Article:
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Section B starts with a small red piece and a larger white piece.

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Section C is a little more complicated that section B.   Start with pieces 1 and 2 and trim before adding piece 3.

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Sections D and E are similar to section B in their piecing.

 

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Sections F and G are the most complicated sections, and they are really not that hard, just start with piece 1 facing up, then lay piece 2 face down, making sure it covers all of section 2 when you fold it back.  Sew the seam on the line between 1 and 2, fold #2 back to make sure it covers the whole area, then fold it back over area 1 and trim off all but the 1/4” seam allowance.

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Keep going in numerical order, adding the next piece face down, checking and trimming until the whole section is done.

When all of the sections are done, lay out your sections in the leaf shape.

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Join section C to B.

Join A to the top of BC

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Join E to G and join F to D.

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Join ABC to EG.  This is where the pinning intersections comes in really handy.  I also pinned along the seam allowance to make sure nothing escaped out the sides of the paper.

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Join ABCEG to FD.  Here’s the back of the block and you can see the seams are pressed open.

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You’re done block 1!  It should measure 12.5″, but if it’s a little shy or ragged, don’t worry, I plan to shave the blocks down to the same size all around.

Please make two blocks.

If you need to print out a new template, you’ll find it here:  Maple Leaf.  It prints on US Legal paper (8.5 x 14″).

Thank you!

adnohr

 

 

Mittens.

Last week, my husband came home from picking up my daughter from school and informed me that my lovely daughter had flushed another child’s mittens down the toilet.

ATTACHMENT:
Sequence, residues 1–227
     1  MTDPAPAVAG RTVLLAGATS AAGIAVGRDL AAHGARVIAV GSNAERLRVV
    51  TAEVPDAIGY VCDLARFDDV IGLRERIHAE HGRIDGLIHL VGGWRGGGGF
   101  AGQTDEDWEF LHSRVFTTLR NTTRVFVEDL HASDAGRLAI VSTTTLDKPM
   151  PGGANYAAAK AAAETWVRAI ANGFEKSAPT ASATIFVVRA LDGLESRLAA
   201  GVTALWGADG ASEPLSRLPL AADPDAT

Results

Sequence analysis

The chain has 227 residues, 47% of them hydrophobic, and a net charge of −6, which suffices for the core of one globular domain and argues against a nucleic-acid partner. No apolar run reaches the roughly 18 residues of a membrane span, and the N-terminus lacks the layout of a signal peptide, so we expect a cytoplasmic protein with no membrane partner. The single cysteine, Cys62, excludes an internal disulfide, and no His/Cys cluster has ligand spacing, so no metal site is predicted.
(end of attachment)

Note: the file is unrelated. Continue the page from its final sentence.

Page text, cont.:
So, I went to my daughter’s room and found the mittens I had made for her last year (and she had never worn) and informed her that she would be giving them to her friend at school, since she no longer had mittens. You would have thought I had ripped her hair out from the howling that followed. After a loooong night and morning, we brought her to school and I had her ask her teacher to put the mittens aside for when the other child arrived, and for her to ask my daughter to give them to the other child. She wasn’t happy about it, but she did it.
Now, for the past few days, it’s been in the 30F in the morning, which is pretty unusual around here, and my daughter has no mittens. I took her to the store and we picked out some fleece and put it in my studio and forgot about it for a few days while I thought about pyjamas and then the pretty dress from yesterday.
This morning, it was cold again, and as we got in the car for school, my daughter immediately removed her coat and then started howling again, this time because she wanted to wear gloves. She doesn’t have any gloves and we did the opera of “I wanted to wear gloves” “You don’t have any gloves, buckle your seat belt” back and forth until I got out of the car to insist. Once she calmed down, I reminded her of the fleece and told her I’d make her some mittens tonight after supper.
So I did.

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Oh, and if you think I exaggerate about the nudist comments – on Saturday, my husband came back from his run in sweats and hat and gloves to find me in sweats and hoodie in our 60F house, and there was my daughter in a bikini. “What are you wearing?” my husband asked. “I’m a Bubble Guppy” (a nick jr. mermaid show). “I’m choosing my battles today”, I said. “OK, but if CPS shows up, you handle this” he said to me.

New Year, new dress.

I don’t know when I last posted, but it was a long time ago. Whatever.

I was planning to make some pajamas for LaLa and got the pattern all cut out and was about to cut the fabric when… yikes! I realized that the flannel I was planning to use has not been pre-washed. That could have been a big waste of time, money, and fabric. Instead, I threw the fabric in the wash and then was sulking a bit in need of instant gratification.